The idea of doing something twice over usually doesn’t sound all that appealing most of the time. However, when it comes to signing up your valued customers and audience members as part of your email marketing contact list, incorporating a double opt-in approach provides a variety of benefits and opportunities that can enhance your brand awareness and reach. Don’t believe it? Let’s spend the next few minutes reviewing the case for double opt-ins to see if there really is any merit to the idea of being thorough on this front.
The Double Opt-in Difference
Of course, it’s probably worth stepping aside for a moment to discuss the particulars of the double opt-in method for those who aren’t quite as familiar with this corner of the email marketing world. As ClickZ’s Jeanne Jennings points out, the double opt-in method attempts to connect and verify the agreement between you and your new list member via multiple levels of connection.
The typical double opt-in process doesn’t end once these consumers drop their email addresses into the virtual submission box, but instead goes a step further and confirms that this address actually belongs to the individual in question. Usually some sort of confirmation code or URL makes its way into this message, ensuring that only those who receive and respond to this offering end up on the list. Naturally, incorporating resend options as a failsafe method helps guarantee that your brand doesn’t disenfranchise those viewers who are experiencing some technical difficulties.
The Types of Double Opt-in
Depending on how you approach the double opt-in process, Aaron Bolshaw of Business 2 Community explains that there’s a few unique paths your brand can take with this type of additional confirmation. Aside from the generic double opt-in with a confirmation message, your organization can go a step farther by offering up an explicit unsubscribe opportunity that goes beyond the legally required link in the email’s footer – a little more on this later.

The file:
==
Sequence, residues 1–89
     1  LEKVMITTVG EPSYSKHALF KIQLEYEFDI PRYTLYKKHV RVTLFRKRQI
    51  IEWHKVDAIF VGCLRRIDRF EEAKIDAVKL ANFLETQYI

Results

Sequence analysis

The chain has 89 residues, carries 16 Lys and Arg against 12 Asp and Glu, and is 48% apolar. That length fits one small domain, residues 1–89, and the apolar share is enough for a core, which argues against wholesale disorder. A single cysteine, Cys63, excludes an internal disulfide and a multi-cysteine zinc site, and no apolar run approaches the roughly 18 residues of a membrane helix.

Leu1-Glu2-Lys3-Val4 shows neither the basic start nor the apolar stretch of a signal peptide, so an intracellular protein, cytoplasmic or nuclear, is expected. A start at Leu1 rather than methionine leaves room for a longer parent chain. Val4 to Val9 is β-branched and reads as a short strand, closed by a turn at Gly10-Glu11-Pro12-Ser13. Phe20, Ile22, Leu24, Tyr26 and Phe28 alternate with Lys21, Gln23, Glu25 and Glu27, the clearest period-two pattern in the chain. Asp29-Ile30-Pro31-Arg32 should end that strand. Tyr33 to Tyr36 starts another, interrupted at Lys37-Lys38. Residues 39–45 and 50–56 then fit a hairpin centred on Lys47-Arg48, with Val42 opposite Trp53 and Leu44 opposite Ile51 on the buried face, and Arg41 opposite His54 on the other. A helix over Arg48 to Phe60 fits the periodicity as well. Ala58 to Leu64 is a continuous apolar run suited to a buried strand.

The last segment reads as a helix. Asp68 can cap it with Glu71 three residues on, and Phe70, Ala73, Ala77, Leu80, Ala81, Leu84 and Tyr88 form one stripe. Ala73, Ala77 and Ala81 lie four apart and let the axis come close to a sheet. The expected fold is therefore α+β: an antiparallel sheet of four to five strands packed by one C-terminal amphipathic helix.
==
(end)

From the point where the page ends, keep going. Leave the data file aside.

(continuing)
Another way to establish this bond is by asking for a “whitelist” exemption. Whitelisting ensures that the consumer plans to stick around for the long haul by adding your branded addresses to his or her personal contacts. If you go down this route, don’t forget to include whitelist requests in your scheduled content moving forward so that you can also gain this connection with your prior list membership
Gauging the Benefits
So now that you know how it works, the discussion turns to why you would want to complicate and add more steps to the initial communications between your organization and its email subscriber community. While there’s no denying that the double opt-in approach does require more setup than a single opt-in alternative, the benefits of this approach consistently outweigh the additional effort associated with this practice.
First off, by creating this natural filter, your contact list will reduce the amount of dormant or disinterested users, as well as those who joined the list by accident or by some other mistake. Your raw list numbers might experience a slight drop, but the quality and responsiveness of this membership will rise significantly thanks to the increased density of interested consumers.
In addition to the refinement of your contact list, incorporating a double opt-in system also gives you a chance to connect with your subscribers instantaneously. Whether you add in a welcome as part of the sign up email itself, or simply build an automated response that fires off after the second confirmation occurs, making contact with this new subscriber can occur in real-time and not have to wait until your next scheduled message ends up in the inbox.
Thinking Long Term
At the end of the day, there’s nothing that says you absolutely have to go beyond the single opt-in system. However, the benefits of putting in a little extra effort and building a lasting connection with the people that make up your audience stands out in a clearly defined manner.
Outside of the immediate gains, the rising demand for consumer privacy and rights – Canada’s Anti-Spam Legislation (CASL) in particular – ensures that even though double opt-in systems aren’t a necessity now, it’s hard to imagine a future in which this and other comprehensive tactics aren’t firmly entrenched in the status quo. With this in mind, as well as the imminent benefits of making the switch, the question isn’t whether or not double opt-ins should be a part of your email marketing approach, but rather how long are you willing to wait before you catch up with the cutting edge of the industry?